A judge will decide whether a fishing expedition by Google to uncover, and then request, documents protected by client-attorney privilege is legitimate, in the latest twist of the Mississippi Saga.
Mississippi is one of several states wanting to find out whether Google has complied with a 2011 legal agreement with federal authorities and state attorney generals, concerning the sale of controlled substances without requiring a prescription or age verification.
The law firm being subpoenaed by the search engine giant, Jenner & Block, may be compelled to turn over the material requested, which could have a chilling effect on corporate crime fighting efforts.
As part of the agreement, Google has already acknowledged that it “did not act merely as an unwitting, neutral conduit” in the trafficking.
“If you and your attorneys exercise their First Amendment right to seek redress from a government official, Google will come after you. The court should not allow Google’s abuse of the litigation process,” said David Handzo, partner of the law firm, cited in the National Law Journal
The deal followed a joint FBI-FDA (Food and Drug Administration) bust and is one of a number of unusual arrangements Google managed to cut with federal authorities after the Obama administration took power, many of which are now being re-examined by the Senate.
In the case of an FTC anti-trust settlement, prosecutors believed they had a strong case for indictment, but were overruled by Obama-appointed commissioners.
The FBI-FDA settlement, to which the state attorneys-general are a party, raised eyebrows for a number of reasons. The NPA (non-prosecution agreement, PDF) didn’t mention Mexico, a source for many of the drugs – which is significant, as 40 per cent of Mexican-sourced drugs are fakes.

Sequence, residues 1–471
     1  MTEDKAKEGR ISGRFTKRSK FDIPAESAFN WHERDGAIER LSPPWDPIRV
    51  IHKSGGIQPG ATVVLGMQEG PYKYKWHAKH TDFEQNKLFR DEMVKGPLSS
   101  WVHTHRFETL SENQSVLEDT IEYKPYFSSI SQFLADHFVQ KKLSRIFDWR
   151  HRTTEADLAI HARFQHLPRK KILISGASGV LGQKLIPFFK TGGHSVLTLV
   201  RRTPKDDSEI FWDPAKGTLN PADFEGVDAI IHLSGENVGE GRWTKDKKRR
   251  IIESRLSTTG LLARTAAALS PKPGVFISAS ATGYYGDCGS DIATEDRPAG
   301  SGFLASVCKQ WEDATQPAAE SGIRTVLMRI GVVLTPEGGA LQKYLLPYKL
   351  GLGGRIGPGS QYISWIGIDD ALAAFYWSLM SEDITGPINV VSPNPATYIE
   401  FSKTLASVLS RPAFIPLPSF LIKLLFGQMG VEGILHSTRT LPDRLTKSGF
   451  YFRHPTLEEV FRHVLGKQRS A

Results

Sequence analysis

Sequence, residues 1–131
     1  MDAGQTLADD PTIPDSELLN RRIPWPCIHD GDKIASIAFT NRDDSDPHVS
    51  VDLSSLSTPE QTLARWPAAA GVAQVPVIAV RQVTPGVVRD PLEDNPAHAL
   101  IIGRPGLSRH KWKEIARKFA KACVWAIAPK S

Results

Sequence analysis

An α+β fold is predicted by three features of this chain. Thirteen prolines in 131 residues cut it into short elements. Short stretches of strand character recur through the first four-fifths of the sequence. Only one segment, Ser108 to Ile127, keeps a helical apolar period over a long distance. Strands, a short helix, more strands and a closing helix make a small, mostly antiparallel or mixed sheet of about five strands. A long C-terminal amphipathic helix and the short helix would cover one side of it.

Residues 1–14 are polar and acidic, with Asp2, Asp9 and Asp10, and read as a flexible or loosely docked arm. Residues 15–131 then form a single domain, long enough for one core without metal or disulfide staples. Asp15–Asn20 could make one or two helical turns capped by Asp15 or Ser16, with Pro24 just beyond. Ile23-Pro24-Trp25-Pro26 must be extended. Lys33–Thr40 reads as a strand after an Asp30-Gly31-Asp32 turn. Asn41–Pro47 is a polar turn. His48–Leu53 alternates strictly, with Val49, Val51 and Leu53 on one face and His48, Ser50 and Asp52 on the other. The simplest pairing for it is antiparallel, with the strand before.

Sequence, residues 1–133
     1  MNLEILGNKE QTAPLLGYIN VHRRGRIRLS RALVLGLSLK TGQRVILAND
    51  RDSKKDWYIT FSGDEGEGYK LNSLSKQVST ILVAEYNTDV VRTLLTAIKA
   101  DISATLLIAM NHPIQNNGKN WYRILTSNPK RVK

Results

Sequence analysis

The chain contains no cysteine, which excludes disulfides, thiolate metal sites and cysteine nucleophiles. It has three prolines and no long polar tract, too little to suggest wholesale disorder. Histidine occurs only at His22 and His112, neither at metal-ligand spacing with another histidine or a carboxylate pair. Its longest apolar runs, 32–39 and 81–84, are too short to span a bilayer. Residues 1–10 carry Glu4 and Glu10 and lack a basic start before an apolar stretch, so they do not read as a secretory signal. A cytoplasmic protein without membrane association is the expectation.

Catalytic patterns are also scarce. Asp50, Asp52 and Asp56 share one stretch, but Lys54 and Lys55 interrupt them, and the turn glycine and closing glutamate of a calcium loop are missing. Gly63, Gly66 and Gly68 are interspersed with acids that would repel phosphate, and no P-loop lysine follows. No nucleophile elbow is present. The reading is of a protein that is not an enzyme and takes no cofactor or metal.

Google characterised the traffic movement as the “re-importation” of safe drugs. There is also the possibility that knowledge of the business went all the way to the top of Google.
"Larry Page knew what was going on,” Rhode Island’s federal prosecutor Peter Neronha told the Wall Street Journal in 2011, after the deal was announced.
Recently, Google has made aggressive legal moves to prevent anyone from finding out whether it is complying with the deal, or examining the evidence.
In October, after Google had ignored his requests for information, Mississippi’s elected corporate crime fighter Jim Hood issued a 79-page subpoena against Google. Google responded with a publicity campaign reviving the SOPA (Stop Online Piracy Act) protests, and litigation that froze Hood’s probe. The District Court called this a “juridical pre-emptive strike”.
Google claimed Hood was part of a movement, orchestrated by Hollywood's big players, to “break the internet”, by making Google more liable for links to rogue sites.
Hood wasn’t really interested in IP, which takes up only four pages of his subpoena. It’s highly unusual for a multinational to sue an elected state prosecutor, but so far, Google has succeeded in freezing the investigation.
This is where the law firm comes in.